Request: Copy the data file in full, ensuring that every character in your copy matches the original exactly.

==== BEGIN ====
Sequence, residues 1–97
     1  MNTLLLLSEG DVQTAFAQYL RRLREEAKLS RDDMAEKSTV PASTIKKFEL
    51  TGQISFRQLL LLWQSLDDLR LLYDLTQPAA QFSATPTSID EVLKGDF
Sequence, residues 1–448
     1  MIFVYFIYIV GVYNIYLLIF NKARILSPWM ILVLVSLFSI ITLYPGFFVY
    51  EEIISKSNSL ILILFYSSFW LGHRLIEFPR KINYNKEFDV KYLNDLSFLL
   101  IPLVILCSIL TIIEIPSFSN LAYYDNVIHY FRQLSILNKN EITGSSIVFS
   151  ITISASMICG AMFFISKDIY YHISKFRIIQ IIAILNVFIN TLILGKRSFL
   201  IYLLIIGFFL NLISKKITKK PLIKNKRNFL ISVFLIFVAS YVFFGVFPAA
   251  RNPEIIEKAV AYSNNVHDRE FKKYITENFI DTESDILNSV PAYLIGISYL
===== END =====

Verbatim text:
Sequence, residues 1–97
     1  MNTLLLLSEG DVQTAFAQYL RRLREEAKLS RDDMAEKSTV PASTIKKFEL
    51  TGQISFRQLL LLWQSLDDLR LLYDLTQPAA QFSATPTSID EVLKGDF
Sequence, residues 1–448
     1  MIFVYFIYIV GVYNIYLLIF NKARILSPWM ILVLVSLFSI ITLYPGFFVY
    51  EEIISKSNSL ILILFYSSFW LGHRLIEFPR KINYNKEFDV KYLNDLSFLL
   101  IPLVILCSIL TIIEIPSFSN LAYYDNVIHY FRQLSILNKN EITGSSIVFS
   151  ITISASMICG AMFFISKDIY YHISKFRIIQ IIAILNVFIN TLILGKRSFL
   201  IYLLIIGFFL NLISKKITKK PLIKNKRNFL ISVFLIFVAS YVFFGVFPAA
   251  RNPEIIEKAV AYSNNVHDRE FKKYITENFI DTESDILNSV PAYLIGISYL